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Dispatches from the Front:  May 1862

By Bruce Weaver II

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The May 1862 Regimental Return for the 15th Wisconsin Infantry began as follows:

Companies, “B, C, D, E & I have been stationed on the main shore Tenn[essee] side opposite Island No. 10 since May 1.” Companies, “H & K on the Island from May 1-19 & on the main shore May 19 to date.”

The writer then identified Companies A, F and I as being on the island since May 1. Rather than listing Company I again, the recorder may have intended to list Company G in this latter grouping with Companies A and F. Wherever the various troops were stationed, they were, “All working in the fortifications & doing picket & guard duty,” throughout the month of May 1862.




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From elsewhere in the theatre of action, here is an on-the-spot depiction of one aspect of picket duty that soldiers of the 15th Wisconsin likely faced from time to time.

Originally published in Harper’s Weekly July 19, 1862; this version was reprinted in Harper’s Pictorial History of the Civil War, 1866, gift of the late Arne Bornhoft, Samband member and Civil War enthusiast.

 

 

 

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Being on picket duty could be very dangerous as these soldiers were serving as the first line of defense for their regiments. They were the buffer zone and early alert system for their fellow countrymen.

Originally published in Harper’s Weekly June 7, 1862; this version reprinted in Harper’s Pictorial History of the Civil War, 1866,

gift of the late Arne Bornhoft, Samband member and Civil War enthusiast.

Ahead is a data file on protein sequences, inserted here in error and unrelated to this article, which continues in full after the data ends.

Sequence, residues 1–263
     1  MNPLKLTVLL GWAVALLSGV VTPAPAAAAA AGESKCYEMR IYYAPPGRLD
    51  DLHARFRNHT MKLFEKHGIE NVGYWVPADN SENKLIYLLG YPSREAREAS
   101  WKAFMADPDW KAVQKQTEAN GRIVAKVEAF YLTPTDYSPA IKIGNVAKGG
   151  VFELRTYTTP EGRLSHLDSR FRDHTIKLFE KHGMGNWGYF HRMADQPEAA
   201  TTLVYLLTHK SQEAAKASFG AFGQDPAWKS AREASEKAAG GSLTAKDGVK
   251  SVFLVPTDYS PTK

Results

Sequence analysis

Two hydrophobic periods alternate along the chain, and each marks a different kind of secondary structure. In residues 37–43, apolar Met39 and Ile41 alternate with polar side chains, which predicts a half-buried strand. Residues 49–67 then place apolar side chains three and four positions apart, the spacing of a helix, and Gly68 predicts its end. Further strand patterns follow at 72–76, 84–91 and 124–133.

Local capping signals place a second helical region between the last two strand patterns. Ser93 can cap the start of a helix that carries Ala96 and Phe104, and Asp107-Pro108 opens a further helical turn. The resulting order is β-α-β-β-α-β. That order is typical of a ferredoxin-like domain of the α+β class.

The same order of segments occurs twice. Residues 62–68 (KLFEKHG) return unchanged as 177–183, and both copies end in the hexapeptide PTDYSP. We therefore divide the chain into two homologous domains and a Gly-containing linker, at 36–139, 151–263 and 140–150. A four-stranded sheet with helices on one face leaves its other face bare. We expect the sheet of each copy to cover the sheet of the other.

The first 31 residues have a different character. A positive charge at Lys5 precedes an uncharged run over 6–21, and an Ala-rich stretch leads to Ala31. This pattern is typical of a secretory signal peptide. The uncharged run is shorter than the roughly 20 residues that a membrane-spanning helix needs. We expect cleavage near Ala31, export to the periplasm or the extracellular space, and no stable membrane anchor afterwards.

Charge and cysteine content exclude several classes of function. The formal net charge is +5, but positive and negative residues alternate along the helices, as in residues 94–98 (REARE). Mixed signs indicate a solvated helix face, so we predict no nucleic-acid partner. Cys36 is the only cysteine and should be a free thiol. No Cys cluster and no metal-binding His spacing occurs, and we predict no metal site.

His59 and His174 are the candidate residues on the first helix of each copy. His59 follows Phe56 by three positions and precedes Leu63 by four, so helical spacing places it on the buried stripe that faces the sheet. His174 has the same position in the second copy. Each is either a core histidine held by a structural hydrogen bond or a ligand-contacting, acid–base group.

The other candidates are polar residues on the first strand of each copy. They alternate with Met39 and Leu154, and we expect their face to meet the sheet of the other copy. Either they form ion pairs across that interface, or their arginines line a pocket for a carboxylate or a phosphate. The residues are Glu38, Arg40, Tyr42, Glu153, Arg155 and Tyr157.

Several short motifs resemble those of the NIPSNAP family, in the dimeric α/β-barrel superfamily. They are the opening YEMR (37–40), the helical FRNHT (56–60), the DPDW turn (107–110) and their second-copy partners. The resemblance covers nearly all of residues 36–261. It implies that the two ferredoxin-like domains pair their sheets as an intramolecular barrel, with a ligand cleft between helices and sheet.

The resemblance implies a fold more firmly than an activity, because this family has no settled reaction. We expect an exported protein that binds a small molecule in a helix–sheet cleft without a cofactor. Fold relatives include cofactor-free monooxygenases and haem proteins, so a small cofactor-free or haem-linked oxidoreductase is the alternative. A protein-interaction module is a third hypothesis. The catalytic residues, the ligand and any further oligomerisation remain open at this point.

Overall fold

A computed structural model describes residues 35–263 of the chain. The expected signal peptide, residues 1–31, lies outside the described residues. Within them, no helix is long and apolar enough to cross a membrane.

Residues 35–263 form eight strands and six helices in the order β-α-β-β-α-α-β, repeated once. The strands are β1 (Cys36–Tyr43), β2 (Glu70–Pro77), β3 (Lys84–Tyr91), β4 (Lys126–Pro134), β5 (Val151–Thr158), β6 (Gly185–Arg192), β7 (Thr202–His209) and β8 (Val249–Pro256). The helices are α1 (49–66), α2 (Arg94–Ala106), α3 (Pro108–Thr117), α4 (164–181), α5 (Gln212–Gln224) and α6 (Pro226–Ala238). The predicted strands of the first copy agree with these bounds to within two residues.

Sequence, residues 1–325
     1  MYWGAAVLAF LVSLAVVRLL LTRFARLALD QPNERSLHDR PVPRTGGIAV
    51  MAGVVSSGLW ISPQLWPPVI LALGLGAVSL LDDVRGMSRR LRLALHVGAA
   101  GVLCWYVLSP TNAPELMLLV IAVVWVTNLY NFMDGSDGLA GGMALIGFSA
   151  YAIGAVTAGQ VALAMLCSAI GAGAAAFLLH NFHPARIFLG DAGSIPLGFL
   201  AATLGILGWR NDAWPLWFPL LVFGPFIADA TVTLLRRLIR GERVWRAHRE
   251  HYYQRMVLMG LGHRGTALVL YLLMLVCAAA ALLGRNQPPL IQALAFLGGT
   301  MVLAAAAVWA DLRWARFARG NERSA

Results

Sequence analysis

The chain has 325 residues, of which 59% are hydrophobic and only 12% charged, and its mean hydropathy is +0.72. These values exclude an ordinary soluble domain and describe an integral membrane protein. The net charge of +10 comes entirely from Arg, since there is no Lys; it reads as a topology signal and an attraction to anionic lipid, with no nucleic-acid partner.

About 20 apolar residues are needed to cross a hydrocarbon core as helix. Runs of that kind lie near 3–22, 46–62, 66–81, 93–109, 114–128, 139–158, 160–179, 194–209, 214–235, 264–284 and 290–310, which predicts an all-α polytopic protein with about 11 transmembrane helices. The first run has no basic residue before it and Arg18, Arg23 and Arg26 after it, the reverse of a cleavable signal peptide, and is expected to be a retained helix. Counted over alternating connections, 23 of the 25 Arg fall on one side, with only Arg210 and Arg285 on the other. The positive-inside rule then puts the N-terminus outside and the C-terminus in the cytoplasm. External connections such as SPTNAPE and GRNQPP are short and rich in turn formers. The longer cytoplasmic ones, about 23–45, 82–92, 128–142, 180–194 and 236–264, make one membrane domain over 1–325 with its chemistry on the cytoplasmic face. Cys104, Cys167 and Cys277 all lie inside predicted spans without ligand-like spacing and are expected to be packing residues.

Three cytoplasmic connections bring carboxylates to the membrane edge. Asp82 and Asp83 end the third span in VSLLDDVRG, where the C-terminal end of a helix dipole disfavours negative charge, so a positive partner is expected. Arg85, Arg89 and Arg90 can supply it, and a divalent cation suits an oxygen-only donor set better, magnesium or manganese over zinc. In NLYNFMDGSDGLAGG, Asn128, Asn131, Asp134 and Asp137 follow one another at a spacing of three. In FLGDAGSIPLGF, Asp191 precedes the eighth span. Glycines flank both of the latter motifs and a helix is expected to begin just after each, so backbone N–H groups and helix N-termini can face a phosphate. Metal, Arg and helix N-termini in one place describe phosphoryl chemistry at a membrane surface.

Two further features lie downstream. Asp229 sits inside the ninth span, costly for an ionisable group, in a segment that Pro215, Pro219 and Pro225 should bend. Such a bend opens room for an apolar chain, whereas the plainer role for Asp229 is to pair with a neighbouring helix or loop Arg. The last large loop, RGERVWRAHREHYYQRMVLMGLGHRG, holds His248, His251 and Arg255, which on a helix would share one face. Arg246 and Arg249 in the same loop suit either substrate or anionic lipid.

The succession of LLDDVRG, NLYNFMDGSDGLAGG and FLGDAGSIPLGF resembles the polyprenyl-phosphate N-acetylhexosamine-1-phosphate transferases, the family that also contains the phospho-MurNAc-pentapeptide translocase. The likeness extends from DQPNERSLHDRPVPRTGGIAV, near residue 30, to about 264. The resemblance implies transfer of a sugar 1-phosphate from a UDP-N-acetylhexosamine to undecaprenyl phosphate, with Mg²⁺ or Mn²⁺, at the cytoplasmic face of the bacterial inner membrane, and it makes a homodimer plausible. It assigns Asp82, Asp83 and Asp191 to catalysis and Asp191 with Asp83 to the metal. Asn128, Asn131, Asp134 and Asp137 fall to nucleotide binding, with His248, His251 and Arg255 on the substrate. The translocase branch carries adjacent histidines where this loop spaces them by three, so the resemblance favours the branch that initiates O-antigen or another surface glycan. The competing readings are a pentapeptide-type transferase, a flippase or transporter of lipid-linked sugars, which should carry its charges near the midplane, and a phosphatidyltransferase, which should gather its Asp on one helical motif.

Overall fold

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As certain readers of the May 2012 Budstikken may have received copies inadvertently printed lighter than intended, this particular image is duplicated online with corrected contrast. The scene records activities and duties members of the 15th Wisconsin Infantry probably performed while occupying the former Confederate fortress on Island Number 10.  Originally published in Harper's Weekly, May 3, 1862.

 

The May 2012 National Geographic features an article on the artists who provided the sketches from the field of battle that became the Civil War engravings in the illustrated weeklies of the era. Concurrently, a full length book treatment of the subject is now available. Civil War Sketchbook: Drawings from the Battlefield by Harry L. Katz and Vincent Virga and published by W. W. Norton is a lavishly illustrated coffee table type work. Those interested in the library of Civil War engravings from which we draw will likely find it indispensable. In the main, the hundreds of selections highlighted were largely drawn from the theater in Virginia, which was not part of the 15th Wisconsin’s wartime action. Yet, while few of the sketches and engravings in these pages will be featured in Dispatches from the Front, examples of the work by most of the artists who sketched out the images seen here are included.

 

[Apr] [Dispatches Home]

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